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Molecules 2015, 20(2), 2388-2404; doi:10.3390/molecules20022388

Article
A Sorghum MYB Transcription Factor Induces 3-Deoxyanthocyanidins and Enhances Resistance against Leaf Blights in Maize
1
Department of Plant Science, The Pennsylvania State University, University Park, PA 16802, USA
2
Intercollege Graduate Degree Program in Plant Biology, Pennsylvania State University, University Park, PA 16802, USA
3
Botany Department, Faculty of Science, Mansoura University, AlMansoura, 35516, Egypt
4
MU Informatics Institute, University of Missouri, Columbia, MO 65201, USA
*
Author to whom correspondence should be addressed.
These authors contributed equally to the work.
Academic Editor: Philippe Jeandet
Received: 14 October 2014 / Accepted: 22 January 2015 / Published: 30 January 2015

Abstract

:
Sorghum responds to the ingress of the fungal pathogen Colletotrichum sublineolum through the biosynthesis of 3-deoxyanthocyanidin phytoalexins at the site of primary infection. Biosynthesis of 3-deoxyanthocyanidins in sorghum requires a MYB transcription factor encoded by yellow seed1 (y1), an orthologue of the maize gene pericarp color1 (p1). Maize lines with a functional p1 and flavonoid structural genes do not produce foliar 3-deoxyanthocyanidins in response to fungal ingress. To perform a comparative metabolic analysis of sorghum and maize 3-deoxyanthocyanidin biosynthetic pathways, we developed transgenic maize lines expressing the sorghum y1 gene. In maize, the y1 transgene phenocopied p1-regulated pigment accumulation in the pericarp and cob glumes. LC-MS profiling of fungus-challenged Y1-maize leaves showed induction of 3-deoxyanthocyanidins, specifically luteolinidin. Y1-maize plants also induced constitutive and higher levels of flavonoids in leaves. In response to Colletotrichum graminicola, Y1-maize showed a resistance response.
Keywords:
anthracnose; 3-deoxyanthocyanidins; Colletotrichum; flavan-4-ols; transgenic maize; yellow seed1

1. Introduction

Maize (Zea mays L.) is an important cereal crop. In 2013, the total area planted under maize for all purposes in the United States amounted to 95.37 million acres, with about 87.67 million acres for grain production (U.S. Department of Agriculture, National Agricultural Statistics Service). In the field, maize plants frequently encounter a wide variety of pathogens. Anthracnose caused by Colletotrichum graminicola (Ces.) G. W. Wils. and southern corn leaf blight caused by Cochliobolus heterostrophus (Drechsler) are among the most serious fungal diseases that affect productivity.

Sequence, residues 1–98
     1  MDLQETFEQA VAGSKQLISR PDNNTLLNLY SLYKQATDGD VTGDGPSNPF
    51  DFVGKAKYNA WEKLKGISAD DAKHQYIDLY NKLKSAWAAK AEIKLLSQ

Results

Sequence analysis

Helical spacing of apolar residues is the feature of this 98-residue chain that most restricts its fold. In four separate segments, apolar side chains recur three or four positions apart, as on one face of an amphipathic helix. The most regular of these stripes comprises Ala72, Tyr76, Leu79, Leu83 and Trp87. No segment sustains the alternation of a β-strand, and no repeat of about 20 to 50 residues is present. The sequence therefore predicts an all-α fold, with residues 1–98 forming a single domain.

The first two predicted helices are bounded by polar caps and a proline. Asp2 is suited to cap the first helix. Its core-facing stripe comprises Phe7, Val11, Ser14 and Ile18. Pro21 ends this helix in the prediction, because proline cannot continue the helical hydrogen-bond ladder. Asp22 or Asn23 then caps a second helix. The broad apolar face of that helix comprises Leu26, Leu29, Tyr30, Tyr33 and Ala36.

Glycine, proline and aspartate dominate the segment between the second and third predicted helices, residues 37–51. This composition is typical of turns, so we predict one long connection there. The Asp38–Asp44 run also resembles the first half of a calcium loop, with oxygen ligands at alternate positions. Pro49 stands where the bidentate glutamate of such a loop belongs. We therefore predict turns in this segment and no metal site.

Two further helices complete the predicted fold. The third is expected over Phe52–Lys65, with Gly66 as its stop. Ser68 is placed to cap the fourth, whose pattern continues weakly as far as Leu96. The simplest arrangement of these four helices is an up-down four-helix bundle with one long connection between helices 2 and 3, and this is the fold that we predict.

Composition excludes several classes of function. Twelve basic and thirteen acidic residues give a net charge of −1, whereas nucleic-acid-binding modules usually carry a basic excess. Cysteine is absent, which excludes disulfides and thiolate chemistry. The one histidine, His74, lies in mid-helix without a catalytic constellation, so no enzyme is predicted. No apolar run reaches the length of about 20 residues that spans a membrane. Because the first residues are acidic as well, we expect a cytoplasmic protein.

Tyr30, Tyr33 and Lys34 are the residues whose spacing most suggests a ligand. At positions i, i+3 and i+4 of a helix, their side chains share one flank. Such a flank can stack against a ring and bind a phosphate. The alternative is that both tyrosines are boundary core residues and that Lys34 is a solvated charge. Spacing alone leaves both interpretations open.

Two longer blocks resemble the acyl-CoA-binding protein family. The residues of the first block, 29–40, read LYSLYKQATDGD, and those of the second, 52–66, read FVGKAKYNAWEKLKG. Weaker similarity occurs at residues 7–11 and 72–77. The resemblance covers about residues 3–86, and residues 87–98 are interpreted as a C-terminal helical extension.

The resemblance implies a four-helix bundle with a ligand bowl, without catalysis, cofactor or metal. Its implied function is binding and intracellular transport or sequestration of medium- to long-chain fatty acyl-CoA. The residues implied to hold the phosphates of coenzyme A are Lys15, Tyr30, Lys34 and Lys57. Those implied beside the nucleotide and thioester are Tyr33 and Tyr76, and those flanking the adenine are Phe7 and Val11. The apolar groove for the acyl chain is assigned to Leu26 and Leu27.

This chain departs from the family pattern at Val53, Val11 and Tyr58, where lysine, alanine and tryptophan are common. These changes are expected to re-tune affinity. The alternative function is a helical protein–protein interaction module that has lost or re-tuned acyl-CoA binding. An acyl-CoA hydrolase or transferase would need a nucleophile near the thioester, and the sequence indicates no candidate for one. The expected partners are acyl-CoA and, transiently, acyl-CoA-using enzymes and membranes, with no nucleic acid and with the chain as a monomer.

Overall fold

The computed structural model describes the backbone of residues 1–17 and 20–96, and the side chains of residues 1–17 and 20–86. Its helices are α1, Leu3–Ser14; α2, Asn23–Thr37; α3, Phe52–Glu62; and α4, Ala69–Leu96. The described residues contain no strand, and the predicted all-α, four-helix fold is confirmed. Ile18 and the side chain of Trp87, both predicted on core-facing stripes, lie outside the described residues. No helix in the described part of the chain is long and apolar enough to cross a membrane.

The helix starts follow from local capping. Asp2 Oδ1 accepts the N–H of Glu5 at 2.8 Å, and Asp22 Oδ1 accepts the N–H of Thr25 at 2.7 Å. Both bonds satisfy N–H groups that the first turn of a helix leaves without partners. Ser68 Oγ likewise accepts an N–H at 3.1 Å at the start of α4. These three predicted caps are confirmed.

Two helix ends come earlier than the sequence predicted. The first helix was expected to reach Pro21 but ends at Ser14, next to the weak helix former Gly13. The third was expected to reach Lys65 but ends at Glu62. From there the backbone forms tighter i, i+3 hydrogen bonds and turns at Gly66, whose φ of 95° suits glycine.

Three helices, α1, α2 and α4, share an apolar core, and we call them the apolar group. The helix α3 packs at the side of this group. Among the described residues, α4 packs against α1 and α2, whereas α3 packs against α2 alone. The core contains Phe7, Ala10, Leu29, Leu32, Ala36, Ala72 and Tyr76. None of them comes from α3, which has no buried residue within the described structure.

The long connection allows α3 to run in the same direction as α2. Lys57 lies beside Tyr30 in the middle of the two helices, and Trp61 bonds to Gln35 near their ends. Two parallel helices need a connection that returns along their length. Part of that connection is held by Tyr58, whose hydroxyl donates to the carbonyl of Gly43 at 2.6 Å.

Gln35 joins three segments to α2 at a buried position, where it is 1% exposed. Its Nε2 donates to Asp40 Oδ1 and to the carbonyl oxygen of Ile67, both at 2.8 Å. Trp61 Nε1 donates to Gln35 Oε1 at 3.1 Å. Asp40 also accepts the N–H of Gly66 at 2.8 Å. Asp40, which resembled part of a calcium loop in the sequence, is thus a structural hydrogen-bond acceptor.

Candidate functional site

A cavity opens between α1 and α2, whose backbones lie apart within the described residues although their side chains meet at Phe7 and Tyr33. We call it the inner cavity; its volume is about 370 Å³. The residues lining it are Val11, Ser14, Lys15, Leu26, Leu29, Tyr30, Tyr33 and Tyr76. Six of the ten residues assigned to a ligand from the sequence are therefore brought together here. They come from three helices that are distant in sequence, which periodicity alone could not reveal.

Application of synthetic fungicides is among the strategies used to control fungal infections, but their cost and environmental impact are a concern for producers and consumers. To prevent further epidemics and reduce the need for synthetic chemicals, there is an ongoing search for crop germplasm with natural resistance [1]. Metabolic engineering of defense-related compounds has proven effective in enhancing plant performance against biotic stress [2,3]. This approach offers an opportunity to either transfer a complete defense-related metabolic pathway or activate a preexisting one by the transfer of genes between distant plant species [4,5].
In maize, the flavonoid pathway gives rise to many defense related compounds such as flavan-4-ols, 3-deoxyanthocyanidins, and C-glycosyl flavones (Figure 1). Flavan-4-ols are the precursors of the brick red phlobaphene pigments that accumulate in mature pericarp and cob glumes. Their biosynthesis requires a functional pericarp color1 (p1) gene, which encodes an R2R3 MYB transcription factor [6,7,8].